Sonoma County deputy who shot boy returning to job

In this photo taken Tuesday Oct. 22, 2013, law enforcement investigators look over the body of a 13-year-old boy shot and killed by officers in Santa Rosa, Calif.  Two California sheriff's deputies saw the boy walking with what appeared to be a high-powered weapon Tuesday, sheriff's Lt. Dennis O'Leary said. The replica gun resembled an AK-47, according to a photograph released by the sheriff's office. Deputies learned after the shooting that it wasn't an actual firearm, according to O'Leary. The teen was pronounced dead at the scene. The deputies, who have not been identified, have been placed on administrative leave, which is standard after a shooting, O'Leary said. Photo: Conner Jay, Associated PressSF Gate – by Kurtis Alexander

The Sonoma County sheriff’s deputy who shot and killed a 13-year-old boy outside Santa Rosa after mistaking the youth’s toy gun for a real rifle was expected to return to work this week, according to a published report.

Erick Gelhaus has been on leave since the Oct. 22 shooting of Andy Lopez Cruz, who was carrying a replica AK-47 pellet gun near his home.  

Gelhaus went through a mental health screening and is returning to desk duty, theSanta Rosa Press Democrat reported. The sheriff’s office did not return calls from The Chronicle seeking comment.

Critics of Gelhaus, outraged that the deputy will be back on the job, are planning to march in protest Tuesday evening. They said the department should wait until outside investigations of the incident by Santa Rosa police and the county district attorney’s office are complete.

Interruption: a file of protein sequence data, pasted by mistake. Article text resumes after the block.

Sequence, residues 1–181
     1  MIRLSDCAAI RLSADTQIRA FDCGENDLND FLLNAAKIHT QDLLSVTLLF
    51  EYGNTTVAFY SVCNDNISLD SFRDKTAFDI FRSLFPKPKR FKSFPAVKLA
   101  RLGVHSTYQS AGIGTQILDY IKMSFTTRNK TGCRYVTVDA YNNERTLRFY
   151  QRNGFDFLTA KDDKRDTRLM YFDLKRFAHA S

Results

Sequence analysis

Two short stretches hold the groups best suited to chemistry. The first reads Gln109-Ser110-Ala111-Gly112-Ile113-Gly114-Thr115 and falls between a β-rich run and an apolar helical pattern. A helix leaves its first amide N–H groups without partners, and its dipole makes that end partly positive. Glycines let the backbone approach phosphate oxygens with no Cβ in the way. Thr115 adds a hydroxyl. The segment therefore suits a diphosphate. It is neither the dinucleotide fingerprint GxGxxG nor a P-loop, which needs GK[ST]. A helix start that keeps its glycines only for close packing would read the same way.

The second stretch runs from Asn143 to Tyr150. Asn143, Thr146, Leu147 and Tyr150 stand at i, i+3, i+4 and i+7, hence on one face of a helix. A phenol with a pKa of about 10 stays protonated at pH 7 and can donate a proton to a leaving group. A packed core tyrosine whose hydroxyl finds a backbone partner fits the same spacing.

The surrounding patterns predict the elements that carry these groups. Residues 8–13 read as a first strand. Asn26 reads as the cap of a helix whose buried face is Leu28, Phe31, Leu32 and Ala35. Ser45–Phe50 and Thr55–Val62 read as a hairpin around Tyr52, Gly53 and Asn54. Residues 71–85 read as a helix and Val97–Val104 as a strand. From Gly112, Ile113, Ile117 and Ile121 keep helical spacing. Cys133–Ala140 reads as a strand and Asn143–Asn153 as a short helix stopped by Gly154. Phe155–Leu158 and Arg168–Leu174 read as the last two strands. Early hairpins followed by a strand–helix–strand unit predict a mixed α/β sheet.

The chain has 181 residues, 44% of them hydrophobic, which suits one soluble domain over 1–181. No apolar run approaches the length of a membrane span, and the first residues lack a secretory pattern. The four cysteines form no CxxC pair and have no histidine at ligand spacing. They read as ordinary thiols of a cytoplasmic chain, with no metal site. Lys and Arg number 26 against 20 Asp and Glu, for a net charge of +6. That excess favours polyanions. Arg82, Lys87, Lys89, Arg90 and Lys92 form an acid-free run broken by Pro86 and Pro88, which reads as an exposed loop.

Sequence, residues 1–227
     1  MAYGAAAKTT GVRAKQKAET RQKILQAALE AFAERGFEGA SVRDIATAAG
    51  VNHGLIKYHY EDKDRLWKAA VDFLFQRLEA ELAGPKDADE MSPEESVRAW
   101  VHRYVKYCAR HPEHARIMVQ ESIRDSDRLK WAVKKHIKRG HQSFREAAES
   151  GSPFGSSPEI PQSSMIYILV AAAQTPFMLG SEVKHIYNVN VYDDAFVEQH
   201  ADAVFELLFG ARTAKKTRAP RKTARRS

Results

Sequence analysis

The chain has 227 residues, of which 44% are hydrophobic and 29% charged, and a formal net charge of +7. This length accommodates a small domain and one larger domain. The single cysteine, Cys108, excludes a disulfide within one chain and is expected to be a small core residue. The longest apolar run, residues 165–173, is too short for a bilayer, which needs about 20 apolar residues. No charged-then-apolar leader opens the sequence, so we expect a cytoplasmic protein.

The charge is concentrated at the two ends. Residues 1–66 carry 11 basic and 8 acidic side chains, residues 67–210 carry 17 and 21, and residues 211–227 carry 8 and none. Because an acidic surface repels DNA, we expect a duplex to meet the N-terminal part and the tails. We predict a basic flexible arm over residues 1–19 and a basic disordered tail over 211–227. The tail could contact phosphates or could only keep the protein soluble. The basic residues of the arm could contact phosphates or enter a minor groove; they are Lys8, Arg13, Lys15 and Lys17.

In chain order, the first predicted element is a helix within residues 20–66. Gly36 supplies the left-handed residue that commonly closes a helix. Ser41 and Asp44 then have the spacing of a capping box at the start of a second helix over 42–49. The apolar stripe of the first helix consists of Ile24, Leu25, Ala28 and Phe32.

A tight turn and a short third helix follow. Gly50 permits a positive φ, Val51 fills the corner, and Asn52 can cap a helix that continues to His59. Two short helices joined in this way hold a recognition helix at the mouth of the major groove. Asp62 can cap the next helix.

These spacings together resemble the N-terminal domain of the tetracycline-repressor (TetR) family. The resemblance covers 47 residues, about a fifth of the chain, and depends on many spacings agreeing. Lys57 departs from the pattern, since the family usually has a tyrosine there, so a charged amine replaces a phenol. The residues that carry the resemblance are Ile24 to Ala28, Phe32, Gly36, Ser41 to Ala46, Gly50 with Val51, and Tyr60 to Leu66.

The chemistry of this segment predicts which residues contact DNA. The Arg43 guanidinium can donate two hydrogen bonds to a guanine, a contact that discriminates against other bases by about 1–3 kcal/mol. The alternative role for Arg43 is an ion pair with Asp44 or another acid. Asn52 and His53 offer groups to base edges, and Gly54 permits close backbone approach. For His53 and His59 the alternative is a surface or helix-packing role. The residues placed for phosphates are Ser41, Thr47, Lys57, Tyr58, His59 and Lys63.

“To return Gelhaus to work is such an insult to the community,” said Jonathan Melrod, one of the protest organizers. “Many people view this as salt in the wound because of the nature of what happened, the killing of a child.”

Andy’s family has filed a federal lawsuit alleging civil rights violations.

Santa Rosa police officials said Gelhaus ordered Andy to drop the rifle, which did not have the orange tip that toy guns are required to have under federal law. Andy did not drop the gun, police said, and when he turned toward the officers, Gelhaus fired eight times, fearing for his life.

Kurtis Alexander is a San Francisco Chronicle staff writer.

2 thoughts on “Sonoma County deputy who shot boy returning to job

  1. It’s absolutely amzing how a badge anda gun can cause all of these self proclaimed bad asses to whimper in terror and fear “for their lives”.

  2. This just goes to show how irresponsible the courts are to prosecute a damned LEO. I am kind of glad this pig is back on the force because there will be justice when someone has the balls to do what the courts didn`t ….. I hope someone follows that pig home and takes care of that f`er one way or another…. P.S. Just a thought. Does a cop get a pee/blood test when he is pulled up on something like this or any other questionable behavior just to see if he was useing drugs?

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